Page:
I can’t say I am an aficionado of neuroscience yet, but with an intent of moving slowly towards becoming one, I picked up a book by Sam Harris – “The Moral Landscape”, which I just finished reading. It is quite an easy read, although I took some time to finish it due to my laziness. In essence, here is the point of the book: what we consider as moral values are based on certain facts, and we all agree that anything of value or moral concern has a lot to do with human well-being. If we agree to this, then we have to agree to the fact that there are right and wrong answers to how we maximize the overall human well-being. He argues, quite convincingly, that, in principle, science can tell us how to achieve maximum human well-being in a given situation.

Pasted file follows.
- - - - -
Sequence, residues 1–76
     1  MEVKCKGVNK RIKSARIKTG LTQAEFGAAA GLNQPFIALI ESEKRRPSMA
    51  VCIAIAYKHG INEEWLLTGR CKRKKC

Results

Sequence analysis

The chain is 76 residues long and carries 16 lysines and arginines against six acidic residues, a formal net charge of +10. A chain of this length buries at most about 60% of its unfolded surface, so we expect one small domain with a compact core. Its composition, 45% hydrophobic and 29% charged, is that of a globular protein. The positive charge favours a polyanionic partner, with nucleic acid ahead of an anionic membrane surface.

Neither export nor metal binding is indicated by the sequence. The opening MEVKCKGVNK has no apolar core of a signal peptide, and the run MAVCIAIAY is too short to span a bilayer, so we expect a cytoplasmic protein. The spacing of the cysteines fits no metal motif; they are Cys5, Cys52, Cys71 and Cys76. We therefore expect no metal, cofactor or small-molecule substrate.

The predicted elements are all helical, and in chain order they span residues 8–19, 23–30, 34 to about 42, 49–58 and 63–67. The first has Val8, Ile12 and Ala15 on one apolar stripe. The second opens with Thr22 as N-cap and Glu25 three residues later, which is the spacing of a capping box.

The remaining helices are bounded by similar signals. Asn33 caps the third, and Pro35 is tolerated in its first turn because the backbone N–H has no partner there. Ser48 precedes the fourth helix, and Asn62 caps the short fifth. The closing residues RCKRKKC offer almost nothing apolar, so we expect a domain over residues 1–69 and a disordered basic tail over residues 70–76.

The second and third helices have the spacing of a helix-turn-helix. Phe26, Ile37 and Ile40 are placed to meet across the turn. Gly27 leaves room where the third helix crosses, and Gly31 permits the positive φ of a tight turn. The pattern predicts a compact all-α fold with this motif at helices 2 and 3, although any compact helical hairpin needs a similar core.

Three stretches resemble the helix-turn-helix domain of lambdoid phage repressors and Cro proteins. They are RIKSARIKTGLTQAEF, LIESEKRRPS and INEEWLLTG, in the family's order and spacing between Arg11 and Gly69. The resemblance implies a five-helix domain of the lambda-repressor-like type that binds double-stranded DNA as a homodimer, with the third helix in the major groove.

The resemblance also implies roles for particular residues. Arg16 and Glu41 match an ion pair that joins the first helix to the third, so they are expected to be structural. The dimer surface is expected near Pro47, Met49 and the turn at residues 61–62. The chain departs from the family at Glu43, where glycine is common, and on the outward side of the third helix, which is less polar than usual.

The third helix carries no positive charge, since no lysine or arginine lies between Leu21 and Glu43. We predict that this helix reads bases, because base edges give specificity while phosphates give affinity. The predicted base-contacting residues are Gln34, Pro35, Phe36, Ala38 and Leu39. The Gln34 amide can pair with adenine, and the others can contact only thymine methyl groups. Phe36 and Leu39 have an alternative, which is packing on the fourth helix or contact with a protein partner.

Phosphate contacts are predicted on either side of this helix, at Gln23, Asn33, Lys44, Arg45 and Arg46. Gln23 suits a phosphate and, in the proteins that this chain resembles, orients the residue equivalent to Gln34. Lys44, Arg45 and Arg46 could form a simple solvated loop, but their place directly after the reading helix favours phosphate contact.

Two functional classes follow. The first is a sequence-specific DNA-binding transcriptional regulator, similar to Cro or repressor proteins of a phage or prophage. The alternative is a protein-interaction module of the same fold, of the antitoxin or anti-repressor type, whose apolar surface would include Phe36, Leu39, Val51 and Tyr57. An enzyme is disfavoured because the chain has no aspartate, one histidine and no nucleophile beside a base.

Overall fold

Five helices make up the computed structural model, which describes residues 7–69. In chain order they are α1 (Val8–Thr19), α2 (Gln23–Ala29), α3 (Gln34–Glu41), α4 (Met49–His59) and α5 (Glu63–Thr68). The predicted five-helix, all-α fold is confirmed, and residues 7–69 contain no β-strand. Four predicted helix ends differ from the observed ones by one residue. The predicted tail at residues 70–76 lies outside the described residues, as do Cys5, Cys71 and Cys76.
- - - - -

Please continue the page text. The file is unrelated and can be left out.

Sam Harris presents his case very lucidly and I am sympathetic to many of his arguments. He also presents lots of notes and references which covers one third of the book – it is not surprising, since this is based on his Ph.D thesis. It is, perhaps, worth pointing here that he does not tell us how exactly science can answer questions of moral right vs wrong. There is no such prescription yet, obviously. However, religion cannot be a recourse in this matter, which he emphasizes repeatedly, because it is subjective experience.
Overall it is very interesting read with lots of examples, arguments and counter-arguments on this important issue.